I was recently listening to a talk given by Jerry Saltz at the University of Chicago in which he says, “art is not linear…there is a lot happening all at once, everywhere…”. I think there is a lot of truth to this, particularly in the evolution of Modernism, as it came from a variety of places and backgrounds. That being said, there is one historical starting point that has driven much of the inspiration we see in Modernism in the west – and that is the stylistic adoption of historical African art into the practices of Picasso, Gauguin, etc.
But what if, for once, we stop looking at how historical African art has influenced the Modernism of the West and instead look at the influence historical African art has had for African artists who continue to work on the continent – as well as some of the diaspora who are closely tied to the continent? This is the aim of Sindika Dokolo and Kendell Geer’s new show “IncarNations” at the BOZAR Center for Fine Arts in Brussels – looking at African art as a whole, from an AfroCentric viewpoint, from the historical to the present day and exploring the this oeuvre as a living philosophical practice that eschews foreignness/otherness instead for iteration, evolution, and continuity.
The show is derived from Sindika Dokolo’s personal collection, and highlight a variety of classical and contemporary African art side by side – in an attempt to highlight that one can only understand contemporary African art with some basic understanding of the classical/ritualistic/metaphysical of African history.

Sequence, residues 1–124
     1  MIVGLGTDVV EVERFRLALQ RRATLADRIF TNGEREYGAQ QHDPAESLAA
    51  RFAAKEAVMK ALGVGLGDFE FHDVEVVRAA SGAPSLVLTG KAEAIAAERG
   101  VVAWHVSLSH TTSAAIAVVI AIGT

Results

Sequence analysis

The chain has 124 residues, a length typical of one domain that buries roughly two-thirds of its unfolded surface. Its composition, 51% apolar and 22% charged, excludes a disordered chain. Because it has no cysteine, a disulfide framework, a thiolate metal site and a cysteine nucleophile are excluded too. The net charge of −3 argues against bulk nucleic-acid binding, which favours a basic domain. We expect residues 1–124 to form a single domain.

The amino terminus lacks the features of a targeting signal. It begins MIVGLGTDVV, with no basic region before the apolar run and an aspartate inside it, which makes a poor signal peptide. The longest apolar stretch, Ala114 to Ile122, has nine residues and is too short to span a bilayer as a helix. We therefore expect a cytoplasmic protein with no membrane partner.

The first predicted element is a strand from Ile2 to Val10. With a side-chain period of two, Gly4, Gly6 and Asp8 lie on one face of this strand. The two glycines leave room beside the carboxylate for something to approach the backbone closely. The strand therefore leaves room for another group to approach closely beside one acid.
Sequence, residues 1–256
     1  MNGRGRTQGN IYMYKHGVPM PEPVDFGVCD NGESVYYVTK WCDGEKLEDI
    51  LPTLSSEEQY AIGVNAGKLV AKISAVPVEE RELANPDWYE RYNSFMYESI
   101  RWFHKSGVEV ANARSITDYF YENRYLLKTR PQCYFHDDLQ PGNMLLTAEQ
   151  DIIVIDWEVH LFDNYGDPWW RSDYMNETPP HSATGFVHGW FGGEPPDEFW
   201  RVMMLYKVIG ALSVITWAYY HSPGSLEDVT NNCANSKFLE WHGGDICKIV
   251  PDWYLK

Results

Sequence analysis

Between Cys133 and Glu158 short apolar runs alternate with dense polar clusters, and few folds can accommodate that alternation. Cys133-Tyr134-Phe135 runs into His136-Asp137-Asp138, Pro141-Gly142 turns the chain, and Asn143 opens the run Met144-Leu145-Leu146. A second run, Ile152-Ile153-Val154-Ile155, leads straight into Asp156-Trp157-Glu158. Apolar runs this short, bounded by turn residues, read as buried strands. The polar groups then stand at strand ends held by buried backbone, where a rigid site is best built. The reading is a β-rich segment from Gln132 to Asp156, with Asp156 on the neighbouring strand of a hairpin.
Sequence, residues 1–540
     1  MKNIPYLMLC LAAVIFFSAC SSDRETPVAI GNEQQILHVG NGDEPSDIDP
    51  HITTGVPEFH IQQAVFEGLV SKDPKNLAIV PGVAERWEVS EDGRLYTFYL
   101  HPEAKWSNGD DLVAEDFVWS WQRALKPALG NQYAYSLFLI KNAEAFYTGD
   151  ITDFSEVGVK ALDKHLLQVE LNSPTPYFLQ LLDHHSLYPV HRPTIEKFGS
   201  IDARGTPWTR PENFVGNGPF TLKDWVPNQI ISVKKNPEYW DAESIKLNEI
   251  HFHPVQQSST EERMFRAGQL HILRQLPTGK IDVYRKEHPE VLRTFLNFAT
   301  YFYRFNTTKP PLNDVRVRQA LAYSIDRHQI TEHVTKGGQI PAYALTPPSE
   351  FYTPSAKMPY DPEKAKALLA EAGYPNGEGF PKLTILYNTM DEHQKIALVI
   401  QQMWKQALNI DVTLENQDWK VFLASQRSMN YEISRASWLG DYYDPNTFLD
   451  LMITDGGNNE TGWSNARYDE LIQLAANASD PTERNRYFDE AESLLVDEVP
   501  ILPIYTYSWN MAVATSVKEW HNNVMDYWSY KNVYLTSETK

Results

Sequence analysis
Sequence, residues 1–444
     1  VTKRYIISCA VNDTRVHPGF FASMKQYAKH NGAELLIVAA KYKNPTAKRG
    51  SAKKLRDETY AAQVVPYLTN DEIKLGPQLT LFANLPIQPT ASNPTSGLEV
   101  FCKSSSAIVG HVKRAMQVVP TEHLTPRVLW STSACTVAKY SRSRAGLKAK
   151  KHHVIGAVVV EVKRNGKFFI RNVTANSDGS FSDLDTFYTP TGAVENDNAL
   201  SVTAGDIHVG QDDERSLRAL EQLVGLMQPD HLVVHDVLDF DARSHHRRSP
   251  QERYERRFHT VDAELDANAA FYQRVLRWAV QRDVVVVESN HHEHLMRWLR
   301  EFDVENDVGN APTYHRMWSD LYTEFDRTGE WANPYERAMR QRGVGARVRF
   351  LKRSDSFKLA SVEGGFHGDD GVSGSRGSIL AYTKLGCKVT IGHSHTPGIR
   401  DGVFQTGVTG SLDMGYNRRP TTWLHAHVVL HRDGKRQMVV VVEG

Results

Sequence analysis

One piece in particular that brings this idea to life is by Kendell Greers, the co-curator of the show. Geer’s “Twilight of the Idols 3” is a masterpiece of retrospection. Part of a series of ten sculptures, “Twilight of the Idols” was based on Nietzche’s book of the same title, in which the author rallied against religious iconography and icons as they were problematic eternal idols. Geer’s approach with the series was to wrap Congolese nkisi nkondo power figures with red and white Chevron tape (essentially caution tape used to secure crime scenes) to signal danger and to mimic the historical relevance of the nails used in the sculpture – which were intended to protect people from harm or disease. This piece in particular reframes how we look at historical African art – that which was originally sacred and spiritual, but then fetishized by collectors from the West – is a compelling idea for us to consider as we think about African art broadly. Without understanding the historical and how it actually is still powerfully relevant to how we live our lives today; we can’t understand the contemporary to the fullest.
As the late Okwui Enwezor stated:
The work of Kendell Geers offers up two possibilities; one a visceral setting which gives the viewer a kind of adrenaline rush of excitement; an aesthetic experience that places one at a site of recognition yet giving off the aura of impenetrability. The other possibility is one of extreme coldness, a mnemonic disruption that borders on repulsion. In fact Geers would have it no other way.… Geers’ work aptly rediscovers and redefines that moment of transference, there where what is most valuable to our subjective individual agency and sense of history is perennially contested, negotiated and debased.
The rest of the show is comprised of other heavy hitters from the contemporary art world, such as Kehinde Wiley, Sammy Baloji, William Kentridge, Tracey Rose, Wangechi Mutu, Otobong Nkanga, Yinka Shonibare CBE, Pascale Marthine Tayou, Ana Mendieta, Aida Muluneh, Mwangi Hutter, Hank Willis Thomas, Tracey Rose, Adrian Piper, Lubaina Himid, Roger Ballen, Zanele Muholi, Phyllis Galembo and many others.
“IncarNations” runs through October 6th, 2019 at the BOZAR Center of Fine Arts, Brussels.